Archived Outdoors

Bear canisters required in Panthertown

Warren Bielenberg photo Warren Bielenberg photo

The U.S. Forest Service is now requiring anybody who stays overnight in Panthertown Valley to use a bear-resistant container or place odiferous items in one of three bear lockers installed in the popular backcountry area. More bear lockers will be installed in the future. 

“Bears are very reluctant to give up an easy food source and they have not been discouraged by humans yelling, banging pots or blowing air horns. Using a bear-resistant food container is the surest way to deny bears access to human food,” said Nantahala District Wildlife Biologist Johnny Wills. “Bear sightings are a thrilling part of a forest adventure, but healthy bear-human interactions require that people take care not to teach bears to associate people with food.”

All food, trash and scented items such as lotions, soap, deodorant and sunscreen must be stored in a locker or portable container on the list of bear-resistant products approved by the Interagency Grizzley Bear Committee, available at igbconline.org/programs/bear-resistant-products.

According to a Forest Service press release, the canister requirement is due to continued food-related bear-human encounters in Panthertown Valley over the past several years. Most of those encounters occur at frequently used campsites in the forest rather than at campgrounds with bear-resistant trash cans. 

The Forest Service initially proposed the bear canister requirement in 2018, and a formal public comment process was conducted at that time. The proposal was then sent to the regional Forest Supervisor’s office for a final decision.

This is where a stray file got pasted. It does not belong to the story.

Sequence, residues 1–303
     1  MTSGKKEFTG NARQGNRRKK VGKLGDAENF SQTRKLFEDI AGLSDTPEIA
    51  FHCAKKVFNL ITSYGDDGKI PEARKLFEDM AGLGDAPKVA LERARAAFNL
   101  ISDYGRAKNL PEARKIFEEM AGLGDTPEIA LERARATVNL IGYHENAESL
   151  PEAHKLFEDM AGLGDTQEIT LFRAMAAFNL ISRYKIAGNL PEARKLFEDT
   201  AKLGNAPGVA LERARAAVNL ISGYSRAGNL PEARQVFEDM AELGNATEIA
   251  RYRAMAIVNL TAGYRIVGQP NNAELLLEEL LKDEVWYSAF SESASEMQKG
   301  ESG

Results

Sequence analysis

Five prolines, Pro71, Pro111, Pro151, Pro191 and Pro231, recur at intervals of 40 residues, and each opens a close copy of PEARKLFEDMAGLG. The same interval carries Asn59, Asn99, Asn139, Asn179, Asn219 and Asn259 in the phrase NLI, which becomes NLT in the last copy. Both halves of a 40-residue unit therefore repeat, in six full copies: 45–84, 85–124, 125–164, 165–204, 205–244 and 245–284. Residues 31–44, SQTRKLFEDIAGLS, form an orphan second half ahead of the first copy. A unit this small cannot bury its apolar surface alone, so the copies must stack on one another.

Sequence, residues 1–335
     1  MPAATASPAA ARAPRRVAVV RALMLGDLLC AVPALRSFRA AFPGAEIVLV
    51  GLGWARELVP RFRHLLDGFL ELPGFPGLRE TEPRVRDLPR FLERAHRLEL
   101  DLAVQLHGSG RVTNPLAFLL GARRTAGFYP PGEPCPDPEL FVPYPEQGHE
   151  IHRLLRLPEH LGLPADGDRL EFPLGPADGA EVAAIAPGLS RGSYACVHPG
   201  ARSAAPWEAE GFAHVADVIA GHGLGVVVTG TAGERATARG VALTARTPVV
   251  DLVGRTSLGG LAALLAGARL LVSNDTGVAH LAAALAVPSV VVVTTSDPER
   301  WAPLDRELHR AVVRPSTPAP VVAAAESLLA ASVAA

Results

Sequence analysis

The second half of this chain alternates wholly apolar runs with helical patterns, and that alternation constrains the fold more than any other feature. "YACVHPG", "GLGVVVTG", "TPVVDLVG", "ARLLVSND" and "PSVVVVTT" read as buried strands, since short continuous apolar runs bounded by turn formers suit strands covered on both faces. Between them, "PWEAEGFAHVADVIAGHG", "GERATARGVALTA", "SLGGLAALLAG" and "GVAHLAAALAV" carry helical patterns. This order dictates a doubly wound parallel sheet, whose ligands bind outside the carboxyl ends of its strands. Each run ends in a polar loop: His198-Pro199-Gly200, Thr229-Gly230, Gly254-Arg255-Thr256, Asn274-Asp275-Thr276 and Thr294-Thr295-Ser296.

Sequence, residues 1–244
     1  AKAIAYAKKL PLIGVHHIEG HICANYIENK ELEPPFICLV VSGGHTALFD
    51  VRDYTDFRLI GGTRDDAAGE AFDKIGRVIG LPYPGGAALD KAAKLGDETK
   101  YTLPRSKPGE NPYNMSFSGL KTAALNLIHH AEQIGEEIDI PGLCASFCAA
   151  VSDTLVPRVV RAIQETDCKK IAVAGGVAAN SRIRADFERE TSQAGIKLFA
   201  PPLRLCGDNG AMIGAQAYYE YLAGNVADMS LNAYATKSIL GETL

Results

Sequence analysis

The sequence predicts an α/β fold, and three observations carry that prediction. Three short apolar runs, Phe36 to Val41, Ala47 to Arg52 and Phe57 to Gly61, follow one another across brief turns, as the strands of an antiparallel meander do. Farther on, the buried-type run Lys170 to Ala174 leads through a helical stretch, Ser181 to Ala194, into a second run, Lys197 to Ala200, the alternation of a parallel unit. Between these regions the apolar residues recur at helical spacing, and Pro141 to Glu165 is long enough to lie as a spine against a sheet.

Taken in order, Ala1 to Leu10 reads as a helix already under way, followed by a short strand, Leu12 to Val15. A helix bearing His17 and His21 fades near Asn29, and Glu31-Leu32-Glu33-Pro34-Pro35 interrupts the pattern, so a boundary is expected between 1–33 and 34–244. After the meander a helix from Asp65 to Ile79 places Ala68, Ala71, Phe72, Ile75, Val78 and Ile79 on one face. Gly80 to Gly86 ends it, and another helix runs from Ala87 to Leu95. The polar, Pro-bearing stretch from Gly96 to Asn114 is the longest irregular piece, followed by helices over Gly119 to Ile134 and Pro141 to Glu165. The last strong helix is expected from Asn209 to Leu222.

Friends of Panthertown Executive Director Jason Kimenker said that his organization has not received any reports of close bear encounters in Panthertown since December 2019, before the first bear storage lockers were installed in 2020. However, he said, Friends of Panthertown supported the rule in 2018 and has not changed its position. 

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“Conditions today are different from where they were a few years ago,” Kimenker said. “While there are more visitors coming to Panthertown, incidents of bear-human interactions or close encounters have dropped off significantly since the installation of food storage lockers and increase in public education efforts. We agreed with the USFS food storage proposal in 2018 when it was originally recommended, and we still feel the use of bear-resistant containers for food storage is an appropriate requirement for overnight camping in Panthertown, a bear sanctuary.”

The N.C. Wildlife Resources Commission voted this year to rename bear sanctuaries as “designated bear management units” and to start allowing bear hunts in Panthertown by permit, but the N.C. Rules Review Commission voted to delay implementation for legislative review. State legislators have until early June to introduce a bill counteracting the proposed rule. Friends of Panthertown has opposed the NCWRC proposal, while the Forest Service has supported it. 

Bears locate food by both smell and sight, so visitors should never leave food unattended or store scented items in a tent — including toothpaste, deodorant, beverages and snacks. It’s important to pick up all garbage at the campsite before leaving, including inside fire rings, grills and tables. 

Backcountry visitors who see a bear nearby should pack up food and trash immediately and leave the area. If necessary, try to scare the bear away with loud noise. If it approaches, move away slowly to reach a vehicle or a building, and in case of an attack, fight back and act aggressively rather than playing dead, or deploy bear spray. For more tips on how to prevent and respond to bear encounters, visit bearwise.org.

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1 comment

  • Another important tip would be to deploy a .44 Magnum or 10mm handgun. Ofcourse your anti-gun Leftists wouldn't even dream of it.

    posted by Lucille Josephs

    Monday, 05/23/2022

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